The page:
Denver Development

Ethics Complaints Lodged Against City of Denver's Chief Building Official

The property at 2650 West Asbury Avenue.
The property at 2650 West Asbury Avenue. Google
Three former employees of Denver Community Planning and Development have each lodged complaints against Scott Prisco, the city's chief building officer, alleging that Prisco used his official role to remove roadblocks for a project overseen by a company owned by his wife.

In October 2018, Prisco requested an official opinion from the Denver Board of Ethics "with respect to whether his outside business activity with Hip Homes, LLC would violate the Denver Code of Ethics," according to a notice for a hearing issued by the board. The board advised Prisco against using city resources such as time, computers, paper and telephones for his outside business. He was also advised against being involved in the permitting, inspection or construction of Hip Homes projects.

But on May 10 and again on May 16, 2019, Prisco emailed "city employees from his city email account asking for a 'favor' by asking them to log in a document to avoid delay for a Hip Homes project located at 2650 West Asbury Avenue in Denver," the hearing notice reads. Prisco is listed as the owner of the property on West Asbury Avenue. On October 11, the board's notice continues, Prisco tweeted an advertisement for Hip Homes "with a Denver logo and listing him as the Engineering & Architecture Director/Building Officer for the City and County of Denver."

When Westword contacted Community Planning and Development today, November 22, requesting an interview with Prisco, department spokesperson Laura Swartz said that he was out of the office. The department is aware of the complaints, she added, and is waiting on a decision from the Board of Ethics before determining how to respond. She said she did not know when the Board of Ethics would issue its decision.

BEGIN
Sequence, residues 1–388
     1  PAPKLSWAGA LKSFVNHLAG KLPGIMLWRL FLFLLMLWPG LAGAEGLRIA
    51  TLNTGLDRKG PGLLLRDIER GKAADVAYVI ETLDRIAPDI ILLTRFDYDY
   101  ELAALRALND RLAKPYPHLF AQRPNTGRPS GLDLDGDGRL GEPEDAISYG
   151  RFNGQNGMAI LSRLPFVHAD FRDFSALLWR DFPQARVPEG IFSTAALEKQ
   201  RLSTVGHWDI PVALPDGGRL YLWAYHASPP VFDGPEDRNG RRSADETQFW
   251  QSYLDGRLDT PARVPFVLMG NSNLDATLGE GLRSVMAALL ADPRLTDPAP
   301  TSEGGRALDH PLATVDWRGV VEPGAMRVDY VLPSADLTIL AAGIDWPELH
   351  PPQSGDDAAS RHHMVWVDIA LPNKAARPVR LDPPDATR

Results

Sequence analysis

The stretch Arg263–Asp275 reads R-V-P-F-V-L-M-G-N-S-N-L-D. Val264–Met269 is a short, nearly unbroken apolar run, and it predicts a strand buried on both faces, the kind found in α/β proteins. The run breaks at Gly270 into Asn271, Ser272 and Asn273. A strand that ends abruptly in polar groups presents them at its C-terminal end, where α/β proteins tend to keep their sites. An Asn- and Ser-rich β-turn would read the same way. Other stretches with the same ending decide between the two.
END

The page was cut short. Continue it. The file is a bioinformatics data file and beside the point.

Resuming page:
"Mr. Prisco obtained an advisory opinion from the Denver Board of Ethics in 2018 allowing him to hold both the position of Denver’s Building Official and Chief Executive Officer of Hip Homes, LLC, subject to the requirements outlined in Sections 2-61 and 2-63 of the Code of Ethics," Swartz wrote in an email to Westword following the phone call. "We will wait to hear the screening decision of the Board of Ethics as to whether Mr. Prisco has upheld these requirements."

On October 2, Prisco sent a letter to the Board of Ethics responding to one of the complaints. In it, he said that Altamont Investment LLC owns the land where the project is located. "To be very clear my wife nor myself have any ownership shares in this company or property," he continued.

"With regards to my working on Hip Homes, LLC project during working hours; I explicitly answered the question that was asked that I only work onsite on my days off and on weekends or week nights after working hours," he said. "Inspections were not completed while I was on site."

One of the complainants, Barbara Galaviz, resigned from her position as an associate city inspector on October 2, the same day she lodged her complaint; she'd been with the city for seventeen years. In her resignation letter, Galaviz cited several grievances she had with the department, including what she characterized as frequent nepotism.

"I was told I needed to report outside employment because my husband and I own a small family-run business and had to agree to not do business in Denver," she wrote, "while a Chief Building Official is allowed to not only have a business in Denver but perform the duties for that business during City work hours and was told he could not participate in any part of the construction or permitting process, but has done just that."

This story is developing; we'll updated it as we receive new information.
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Ana Campbell has been Westword's managing editor since 2016. She has worked at magazines and newspapers around the country, picking up a few awards along the way for her writing and editing. She grew up in south Texas.
Contact: Ana Campbell